The obvious push-back to that is: “That sounds like an excuse for laziness, and not trying anything.” Certainly it could be manipulated into that. But when we allow ourselves to exist fully in the flow of God’s Love – we have to trust that WILL call us to be actively offering ourselves fully toward the mission of lives, community and creation transformed.  But our activity doesn’t begin with us setting a goal of “accomplishing great things for Jesus”.  It begins with us relinquishing control of everything in our being, into the great Love of God.  That may mean we accomplish great things by the measures of this world, or that mean we lose everything and all noteriety for His sake.

The first step?  Allowing the truth of that ripped poster to sink in.  “God wants YOU.”  Not because of your gifts or talents.  Not because of your heritage.  Not because you’re specifically poised to accomplish what no one else could ever do.  Not because of your purity.  But because He Loves you.  Fully and completely, and without reserve.  Just as much when you were making horrible decisions as He does today.  Most of us have been loved wrong by a human in our lives, and it messes up the kind of love we even see as possible.  So let the love of God sink in a bit, and then release yourself to it.  There is no greater place to exist, or calling to walk forward with…

For more on covenanting with God to do/be whatever He wants, check out this modern version of the “John Wesley Covenant Service” I’ve written for use in a church setting.

For a few words on God simply desiring/loving you as His child, here’s a Spoken Word I recently recorded.

of bricks and curtain

Calm before storm, softly lit trees in dim living rooms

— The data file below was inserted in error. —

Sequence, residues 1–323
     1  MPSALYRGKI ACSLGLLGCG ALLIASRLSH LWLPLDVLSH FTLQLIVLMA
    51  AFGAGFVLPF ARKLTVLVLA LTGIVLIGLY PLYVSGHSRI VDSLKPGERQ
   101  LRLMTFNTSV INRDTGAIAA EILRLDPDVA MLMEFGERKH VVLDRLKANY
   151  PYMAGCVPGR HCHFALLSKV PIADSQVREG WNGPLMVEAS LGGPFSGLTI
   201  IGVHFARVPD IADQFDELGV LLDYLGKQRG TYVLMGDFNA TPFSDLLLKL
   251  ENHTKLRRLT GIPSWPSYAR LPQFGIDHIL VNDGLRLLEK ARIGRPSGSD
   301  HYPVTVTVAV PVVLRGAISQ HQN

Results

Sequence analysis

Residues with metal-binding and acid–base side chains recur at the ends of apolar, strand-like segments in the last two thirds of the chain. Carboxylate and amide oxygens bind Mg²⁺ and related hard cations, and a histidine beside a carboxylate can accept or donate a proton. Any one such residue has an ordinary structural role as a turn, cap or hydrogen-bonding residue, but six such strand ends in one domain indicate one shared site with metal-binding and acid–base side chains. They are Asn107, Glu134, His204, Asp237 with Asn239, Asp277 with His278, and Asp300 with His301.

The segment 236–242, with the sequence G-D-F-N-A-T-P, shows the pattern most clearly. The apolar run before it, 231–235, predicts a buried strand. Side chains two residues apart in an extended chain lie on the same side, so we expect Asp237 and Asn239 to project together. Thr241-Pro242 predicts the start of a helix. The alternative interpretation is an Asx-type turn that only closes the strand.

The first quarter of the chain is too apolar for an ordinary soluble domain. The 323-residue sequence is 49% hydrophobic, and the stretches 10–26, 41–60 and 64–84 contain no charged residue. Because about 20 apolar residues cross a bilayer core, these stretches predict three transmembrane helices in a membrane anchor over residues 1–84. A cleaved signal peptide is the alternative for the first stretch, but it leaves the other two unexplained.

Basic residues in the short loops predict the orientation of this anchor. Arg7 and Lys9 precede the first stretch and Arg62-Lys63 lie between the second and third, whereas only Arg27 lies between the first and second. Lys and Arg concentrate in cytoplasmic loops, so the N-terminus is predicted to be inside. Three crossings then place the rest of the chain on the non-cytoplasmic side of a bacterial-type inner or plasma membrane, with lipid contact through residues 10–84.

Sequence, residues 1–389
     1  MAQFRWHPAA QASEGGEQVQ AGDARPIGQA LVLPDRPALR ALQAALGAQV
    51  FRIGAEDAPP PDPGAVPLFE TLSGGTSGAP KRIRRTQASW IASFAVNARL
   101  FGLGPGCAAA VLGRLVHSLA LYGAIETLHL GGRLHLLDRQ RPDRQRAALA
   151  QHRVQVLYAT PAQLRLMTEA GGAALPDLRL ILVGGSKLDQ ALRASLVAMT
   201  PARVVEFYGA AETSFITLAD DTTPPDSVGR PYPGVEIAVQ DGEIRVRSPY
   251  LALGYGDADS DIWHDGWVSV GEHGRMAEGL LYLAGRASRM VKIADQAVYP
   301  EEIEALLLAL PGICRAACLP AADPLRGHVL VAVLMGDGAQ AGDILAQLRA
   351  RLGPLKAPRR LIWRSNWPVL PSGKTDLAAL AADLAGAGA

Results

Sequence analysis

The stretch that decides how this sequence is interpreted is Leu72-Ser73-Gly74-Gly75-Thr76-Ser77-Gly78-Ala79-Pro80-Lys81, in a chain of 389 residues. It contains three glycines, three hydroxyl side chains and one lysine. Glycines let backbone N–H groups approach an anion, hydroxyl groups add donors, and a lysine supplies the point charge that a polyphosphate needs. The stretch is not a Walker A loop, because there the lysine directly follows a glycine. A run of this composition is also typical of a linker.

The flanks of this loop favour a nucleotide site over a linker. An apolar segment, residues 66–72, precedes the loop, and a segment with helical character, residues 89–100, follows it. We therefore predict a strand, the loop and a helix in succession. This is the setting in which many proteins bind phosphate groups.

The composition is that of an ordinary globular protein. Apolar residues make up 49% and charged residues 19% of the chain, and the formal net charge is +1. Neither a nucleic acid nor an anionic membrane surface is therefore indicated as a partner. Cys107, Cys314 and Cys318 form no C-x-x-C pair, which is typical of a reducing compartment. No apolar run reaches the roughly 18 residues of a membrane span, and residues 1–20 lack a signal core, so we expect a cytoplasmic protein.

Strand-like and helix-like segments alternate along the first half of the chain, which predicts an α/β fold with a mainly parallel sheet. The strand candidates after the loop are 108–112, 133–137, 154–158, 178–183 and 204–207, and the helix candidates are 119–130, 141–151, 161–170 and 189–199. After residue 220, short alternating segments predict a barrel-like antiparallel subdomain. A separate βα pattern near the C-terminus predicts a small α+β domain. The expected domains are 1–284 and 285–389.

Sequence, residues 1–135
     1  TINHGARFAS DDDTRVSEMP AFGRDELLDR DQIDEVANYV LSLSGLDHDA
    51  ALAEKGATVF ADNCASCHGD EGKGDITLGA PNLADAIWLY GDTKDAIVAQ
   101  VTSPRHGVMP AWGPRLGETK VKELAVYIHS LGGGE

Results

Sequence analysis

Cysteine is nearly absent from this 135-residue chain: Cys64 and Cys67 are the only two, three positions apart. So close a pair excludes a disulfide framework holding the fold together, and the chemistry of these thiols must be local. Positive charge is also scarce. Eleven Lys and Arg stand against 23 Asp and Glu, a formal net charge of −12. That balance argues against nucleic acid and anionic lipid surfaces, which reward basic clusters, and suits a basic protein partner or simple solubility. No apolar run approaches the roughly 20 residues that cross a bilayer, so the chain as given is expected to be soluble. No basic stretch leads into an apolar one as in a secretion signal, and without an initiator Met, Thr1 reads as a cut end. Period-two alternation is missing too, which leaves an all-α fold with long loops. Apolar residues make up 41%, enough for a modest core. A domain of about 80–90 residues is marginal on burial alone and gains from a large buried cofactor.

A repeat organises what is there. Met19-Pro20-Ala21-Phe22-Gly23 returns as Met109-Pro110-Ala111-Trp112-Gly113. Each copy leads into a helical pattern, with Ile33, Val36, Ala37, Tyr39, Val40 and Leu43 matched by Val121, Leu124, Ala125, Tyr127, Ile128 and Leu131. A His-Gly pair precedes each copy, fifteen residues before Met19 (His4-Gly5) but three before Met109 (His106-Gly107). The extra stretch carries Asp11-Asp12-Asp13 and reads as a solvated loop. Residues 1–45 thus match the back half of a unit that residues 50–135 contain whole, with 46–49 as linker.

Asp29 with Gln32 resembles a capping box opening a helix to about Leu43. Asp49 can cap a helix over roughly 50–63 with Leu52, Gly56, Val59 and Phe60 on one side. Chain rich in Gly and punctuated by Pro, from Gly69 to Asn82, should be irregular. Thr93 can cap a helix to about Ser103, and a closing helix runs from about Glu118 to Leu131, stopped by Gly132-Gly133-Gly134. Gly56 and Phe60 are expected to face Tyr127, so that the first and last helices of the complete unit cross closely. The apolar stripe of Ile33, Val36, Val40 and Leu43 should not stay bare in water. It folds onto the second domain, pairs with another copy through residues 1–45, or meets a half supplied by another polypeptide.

Like tombs of years gone before but passed, too fast to grab hold,
Scraping off the mold, like flakes of gold left behind by memories stored longterm
Knocking back the worm you’ve finished the glass waiting to be poured,
Ignored by others, your sisters and brothers but left behind for you to wait, to contemplate,
To exist in a state of mind promising not to bind you to what was, and less thrilled by what is
But this – moment that points to what will be. As still framed artwork from empty hotel tells you
This is the same in every room, every womb that carries expectant moments of hope
For those facing end of rope, for those with unpaid bills, unclimbed hills, or scars from falling down
Look around and find you’re not alone, not abandoned to roam as sea foam washed up on
Empty beaches, previously filled, children laughing at will, sun spilling through the shade of clouds
Too weak to intervene – and somewhere in this scene, you recognize the obscene thing
Is not to have hope, to try to cope, nor is it offensive to be burdened or feel uncertain,
behind the curtain, to to be hurting or elated, you are not fated to endure these moments solo,
To know there are plenty just outside, waiting for curtains thrown wide in invitation
Just waiting for relation’s sails to unfold, ship catching old winds